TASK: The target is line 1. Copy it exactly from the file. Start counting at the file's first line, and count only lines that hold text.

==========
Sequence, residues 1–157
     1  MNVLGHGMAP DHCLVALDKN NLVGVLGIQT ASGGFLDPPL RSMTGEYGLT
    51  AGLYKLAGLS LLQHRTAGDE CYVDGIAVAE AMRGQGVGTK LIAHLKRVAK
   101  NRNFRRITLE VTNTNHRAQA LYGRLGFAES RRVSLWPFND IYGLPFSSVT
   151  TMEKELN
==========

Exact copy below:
Sequence, residues 1–157